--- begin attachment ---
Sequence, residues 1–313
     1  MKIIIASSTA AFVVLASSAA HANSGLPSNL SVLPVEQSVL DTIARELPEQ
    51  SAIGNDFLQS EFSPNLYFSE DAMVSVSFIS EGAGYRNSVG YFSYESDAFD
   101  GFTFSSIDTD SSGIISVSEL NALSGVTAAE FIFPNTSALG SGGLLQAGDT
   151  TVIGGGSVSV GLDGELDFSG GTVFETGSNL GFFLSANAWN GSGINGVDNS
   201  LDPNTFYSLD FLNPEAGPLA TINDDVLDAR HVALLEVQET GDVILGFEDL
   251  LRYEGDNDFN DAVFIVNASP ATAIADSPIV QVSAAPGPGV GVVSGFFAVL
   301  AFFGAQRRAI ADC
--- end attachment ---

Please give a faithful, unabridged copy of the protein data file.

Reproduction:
Sequence, residues 1–313
     1  MKIIIASSTA AFVVLASSAA HANSGLPSNL SVLPVEQSVL DTIARELPEQ
    51  SAIGNDFLQS EFSPNLYFSE DAMVSVSFIS EGAGYRNSVG YFSYESDAFD
   101  GFTFSSIDTD SSGIISVSEL NALSGVTAAE FIFPNTSALG SGGLLQAGDT
   151  TVIGGGSVSV GLDGELDFSG GTVFETGSNL GFFLSANAWN GSGINGVDNS
   201  LDPNTFYSLD FLNPEAGPLA TINDDVLDAR HVALLEVQET GDVILGFEDL
   251  LRYEGDNDFN DAVFIVNASP ATAIADSPIV QVSAAPGPGV GVVSGFFAVL
   301  AFFGAQRRAI ADC